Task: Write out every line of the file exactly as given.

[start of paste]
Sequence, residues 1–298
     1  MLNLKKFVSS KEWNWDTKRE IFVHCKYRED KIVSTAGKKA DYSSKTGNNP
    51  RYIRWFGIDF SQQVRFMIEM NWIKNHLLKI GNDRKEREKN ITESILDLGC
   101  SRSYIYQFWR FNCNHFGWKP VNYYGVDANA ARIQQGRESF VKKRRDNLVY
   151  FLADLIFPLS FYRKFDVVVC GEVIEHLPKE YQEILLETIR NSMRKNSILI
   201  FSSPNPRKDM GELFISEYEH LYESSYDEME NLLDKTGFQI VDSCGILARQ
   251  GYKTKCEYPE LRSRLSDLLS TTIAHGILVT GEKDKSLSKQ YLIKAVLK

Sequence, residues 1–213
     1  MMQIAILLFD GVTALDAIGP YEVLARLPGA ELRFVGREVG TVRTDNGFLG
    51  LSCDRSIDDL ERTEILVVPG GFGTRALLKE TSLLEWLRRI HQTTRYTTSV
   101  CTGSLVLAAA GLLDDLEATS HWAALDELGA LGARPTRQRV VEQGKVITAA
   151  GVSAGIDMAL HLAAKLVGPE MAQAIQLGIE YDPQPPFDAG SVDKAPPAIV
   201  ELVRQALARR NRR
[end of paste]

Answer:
Sequence, residues 1–298
     1  MLNLKKFVSS KEWNWDTKRE IFVHCKYRED KIVSTAGKKA DYSSKTGNNP
    51  RYIRWFGIDF SQQVRFMIEM NWIKNHLLKI GNDRKEREKN ITESILDLGC
   101  SRSYIYQFWR FNCNHFGWKP VNYYGVDANA ARIQQGRESF VKKRRDNLVY
   151  FLADLIFPLS FYRKFDVVVC GEVIEHLPKE YQEILLETIR NSMRKNSILI
   201  FSSPNPRKDM GELFISEYEH LYESSYDEME NLLDKTGFQI VDSCGILARQ
   251  GYKTKCEYPE LRSRLSDLLS TTIAHGILVT GEKDKSLSKQ YLIKAVLK

Sequence, residues 1–213
     1  MMQIAILLFD GVTALDAIGP YEVLARLPGA ELRFVGREVG TVRTDNGFLG
    51  LSCDRSIDDL ERTEILVVPG GFGTRALLKE TSLLEWLRRI HQTTRYTTSV
   101  CTGSLVLAAA GLLDDLEATS HWAALDELGA LGARPTRQRV VEQGKVITAA
   151  GVSAGIDMAL HLAAKLVGPE MAQAIQLGIE YDPQPPFDAG SVDKAPPAIV
   201  ELVRQALARR NRR